A muckraking investigation of one of the largest oil contractors, "Halliburton's Army" explores the Byzantine nature of Halliburton and shows the extraordinary reach of its many tentacles around the Middle East and around the worldHalliburton has become a synonym for corruption and profiteering thanks to the lucrative, 'no-bid' contracts that this Texas company has won since the invasion of Iraq, thanks to its ties to Vice President Dick Cheney, a former Halliburton CEO. But beyond these highly-publicized acts of corporate malfeasance, a veil of secrecy surrounds Halliburton. "Halliburton's Army" is the first book to show, in shocking detail, how Halliburton really does business, chronicling Halliburton's role from the summer of 2002, in the run-up to the Iraq invasion, over the period of the next six years.Pratap Chatterjee - one of the world's leading authorities on corporate crime, fraud and corruption - shows how Halliburton won and then lost its contracts in Iraq; what Dick Cheney and Donald Rumsfeld did for their business cronies at Halliburton to help them win no-bid contracts in Iraq, and who the company paid off in the U.S.
Congress; how the same Pentagon officials who issued Halliburton's no-bid contracts before the war conspired to give the company generous helpings of billions of dollars from Iraq's own oil revenue. We get a vivid, inside look into the Pentagon meetings where actual decisions got made to send Halliburton to Iraq (not to mention Somalia, Yugoslavia, Uzbekistan and Afghanistan, Guantanamo Bay, and most recently New Orleans).
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US Kirkus Review »
A sordid tale of politics and profiteering, courtesy of the Bush administration and a compliant military.The Halliburton Corporation, of which Dick Cheney was chief executive before becoming Bush's vice president, is estimated to have provided more than 720 million meals to American service personnel, driven 400 million miles of convoy missions and made many billions of dollars for its work as the Pentagon's principal subcontractor. This relationship was born when Cheney, as secretary of defense for George H.W. Bush, came up with a creative-accounting way to comply with a congressional mandate to trim the military budget and privatize a big chunk of the war machine. Whereas during the First Gulf War there was one civilian contractor for every 100 soldiers, writes investigative journalist Chatterjee (Iraq, Inc., 2004), the ratio is now nearly one to one. If Cheney's maneuvering sounds a little conflict-of-interest - laden, it seems to have bothered no one in Washington until late in the prosecution of the Iraq War. Said one Pentagon whistleblower of the tainted procurement process, no-bid contracting and billions of dollars lost (and billions more earned fraudulently through various schemes), "the interest of a corporation not the interests of American soldiers or American taxpayers, seemed to be paramount." Chatterjee documents the malfeasance down to the penny; the book is data-rich and heavily footnoted, to the extent that it reads more like a treatise than a work of narrative journalism. Yet Chatterjee tells intriguing stories alongside the compendia of numbers, dates and names. He documents, without much commentary, some of the ironies that emerge in the Halliburton story, among them Cheney's machinations to keep Iran open for Halliburton business while loudly putting sanctions in place - and claiming that the Iran hanky-panky was legal because it was conducted "by a foreign-owned subsidiary based in the Cayman Islands."A report that deserves many readers, about matters that deserve many indictments. (Kirkus Reviews)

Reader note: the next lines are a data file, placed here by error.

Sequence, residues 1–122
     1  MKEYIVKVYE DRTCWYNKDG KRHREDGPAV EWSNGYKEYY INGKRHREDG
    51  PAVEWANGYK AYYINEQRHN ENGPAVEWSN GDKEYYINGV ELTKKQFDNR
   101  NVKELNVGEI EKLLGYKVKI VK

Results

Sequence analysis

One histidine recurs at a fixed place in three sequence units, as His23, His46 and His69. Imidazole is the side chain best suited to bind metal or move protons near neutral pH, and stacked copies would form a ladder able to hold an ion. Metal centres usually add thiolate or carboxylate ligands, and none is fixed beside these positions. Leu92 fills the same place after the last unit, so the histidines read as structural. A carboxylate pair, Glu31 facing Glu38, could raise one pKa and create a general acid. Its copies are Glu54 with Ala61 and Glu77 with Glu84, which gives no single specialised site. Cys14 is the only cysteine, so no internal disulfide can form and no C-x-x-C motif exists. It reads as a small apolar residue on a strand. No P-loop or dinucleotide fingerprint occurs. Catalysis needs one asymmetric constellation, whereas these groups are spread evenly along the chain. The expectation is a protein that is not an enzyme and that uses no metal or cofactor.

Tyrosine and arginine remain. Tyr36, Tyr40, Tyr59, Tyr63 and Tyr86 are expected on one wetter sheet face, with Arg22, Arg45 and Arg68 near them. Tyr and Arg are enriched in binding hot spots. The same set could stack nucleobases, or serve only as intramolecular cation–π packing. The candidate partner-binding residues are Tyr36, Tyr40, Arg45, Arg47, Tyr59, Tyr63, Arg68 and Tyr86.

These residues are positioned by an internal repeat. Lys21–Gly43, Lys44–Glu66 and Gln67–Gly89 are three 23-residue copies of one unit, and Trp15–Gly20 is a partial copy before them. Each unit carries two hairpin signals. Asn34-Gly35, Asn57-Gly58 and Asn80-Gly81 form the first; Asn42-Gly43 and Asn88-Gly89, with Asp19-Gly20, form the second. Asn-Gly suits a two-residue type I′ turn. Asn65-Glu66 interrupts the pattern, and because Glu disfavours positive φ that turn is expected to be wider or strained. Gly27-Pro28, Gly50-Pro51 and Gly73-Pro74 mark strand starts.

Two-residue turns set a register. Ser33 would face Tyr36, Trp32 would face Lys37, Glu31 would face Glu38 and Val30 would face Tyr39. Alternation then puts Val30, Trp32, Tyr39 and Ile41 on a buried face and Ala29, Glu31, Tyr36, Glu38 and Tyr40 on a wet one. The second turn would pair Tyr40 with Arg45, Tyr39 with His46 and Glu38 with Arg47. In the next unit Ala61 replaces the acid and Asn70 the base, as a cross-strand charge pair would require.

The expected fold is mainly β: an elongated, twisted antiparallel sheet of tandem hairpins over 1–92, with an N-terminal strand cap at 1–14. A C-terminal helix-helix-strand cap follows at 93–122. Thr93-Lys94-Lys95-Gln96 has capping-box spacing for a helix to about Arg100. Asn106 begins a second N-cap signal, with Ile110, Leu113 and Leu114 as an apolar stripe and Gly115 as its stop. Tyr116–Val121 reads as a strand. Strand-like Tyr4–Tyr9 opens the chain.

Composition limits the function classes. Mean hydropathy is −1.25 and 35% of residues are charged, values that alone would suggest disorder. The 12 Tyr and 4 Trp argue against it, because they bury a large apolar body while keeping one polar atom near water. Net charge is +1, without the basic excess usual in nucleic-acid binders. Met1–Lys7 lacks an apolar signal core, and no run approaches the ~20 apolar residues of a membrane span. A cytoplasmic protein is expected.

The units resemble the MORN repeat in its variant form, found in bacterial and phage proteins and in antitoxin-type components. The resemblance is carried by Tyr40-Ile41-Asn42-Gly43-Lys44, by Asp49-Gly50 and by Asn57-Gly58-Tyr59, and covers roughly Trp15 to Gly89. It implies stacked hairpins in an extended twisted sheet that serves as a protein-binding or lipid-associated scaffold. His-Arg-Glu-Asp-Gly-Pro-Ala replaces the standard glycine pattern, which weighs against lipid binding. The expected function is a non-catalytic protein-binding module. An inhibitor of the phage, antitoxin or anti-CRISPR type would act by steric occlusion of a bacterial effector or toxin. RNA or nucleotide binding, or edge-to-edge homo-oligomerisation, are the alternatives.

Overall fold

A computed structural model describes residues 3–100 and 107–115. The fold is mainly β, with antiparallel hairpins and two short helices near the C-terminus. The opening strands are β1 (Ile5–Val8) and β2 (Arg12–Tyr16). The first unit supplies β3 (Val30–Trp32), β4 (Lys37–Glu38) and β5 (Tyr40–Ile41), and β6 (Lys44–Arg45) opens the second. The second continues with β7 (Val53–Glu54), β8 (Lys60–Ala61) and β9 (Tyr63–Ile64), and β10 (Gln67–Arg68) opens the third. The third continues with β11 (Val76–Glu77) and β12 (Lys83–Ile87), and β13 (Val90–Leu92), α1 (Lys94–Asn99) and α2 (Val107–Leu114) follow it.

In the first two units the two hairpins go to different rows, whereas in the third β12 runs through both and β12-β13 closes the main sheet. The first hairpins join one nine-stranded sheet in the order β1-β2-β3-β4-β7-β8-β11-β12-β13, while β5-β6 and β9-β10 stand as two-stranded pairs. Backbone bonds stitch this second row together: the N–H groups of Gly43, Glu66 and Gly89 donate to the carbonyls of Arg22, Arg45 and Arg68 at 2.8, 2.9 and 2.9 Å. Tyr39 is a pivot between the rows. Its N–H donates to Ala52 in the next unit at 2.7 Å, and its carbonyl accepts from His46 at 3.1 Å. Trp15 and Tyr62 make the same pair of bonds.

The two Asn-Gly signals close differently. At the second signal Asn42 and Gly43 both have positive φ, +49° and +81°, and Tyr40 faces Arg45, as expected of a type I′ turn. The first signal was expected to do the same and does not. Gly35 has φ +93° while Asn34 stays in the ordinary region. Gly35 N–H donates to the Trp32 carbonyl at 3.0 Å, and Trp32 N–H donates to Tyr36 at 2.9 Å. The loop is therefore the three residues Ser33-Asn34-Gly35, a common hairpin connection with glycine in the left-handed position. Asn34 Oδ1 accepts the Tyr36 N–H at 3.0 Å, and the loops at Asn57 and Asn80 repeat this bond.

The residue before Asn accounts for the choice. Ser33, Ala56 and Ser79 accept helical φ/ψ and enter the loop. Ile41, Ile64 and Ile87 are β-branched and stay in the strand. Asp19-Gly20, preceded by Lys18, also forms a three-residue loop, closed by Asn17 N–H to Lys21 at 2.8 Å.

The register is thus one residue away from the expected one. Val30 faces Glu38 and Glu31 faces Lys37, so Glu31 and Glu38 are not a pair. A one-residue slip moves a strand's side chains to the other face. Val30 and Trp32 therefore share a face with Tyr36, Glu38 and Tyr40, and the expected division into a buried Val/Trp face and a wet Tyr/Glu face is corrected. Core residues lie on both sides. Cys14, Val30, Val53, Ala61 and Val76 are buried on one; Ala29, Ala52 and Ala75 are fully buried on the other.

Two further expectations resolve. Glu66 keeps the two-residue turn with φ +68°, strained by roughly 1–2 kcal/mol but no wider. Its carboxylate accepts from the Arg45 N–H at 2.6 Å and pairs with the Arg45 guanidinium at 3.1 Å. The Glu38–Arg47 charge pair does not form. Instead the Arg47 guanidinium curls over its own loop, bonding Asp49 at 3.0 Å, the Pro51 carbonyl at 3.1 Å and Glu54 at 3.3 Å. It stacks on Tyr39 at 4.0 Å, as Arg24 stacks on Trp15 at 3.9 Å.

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Author Biography - Pratap Chatterjee
Pratap Chatterjee is an investigative journalist and producer. He is the author of Iraq Inc.: A Profitable Occupation and The Earth Brokers. He has many years of experience working in radio, print and digital media, including hosting a weekly radio show on Berkeley station KPFA, working as global environment editor for InterPress Service and as a freelance writer for the Financial Times, the Guardian and the Independent. He has won several awards for his work in Afghanistan. He lives in Oakland, California.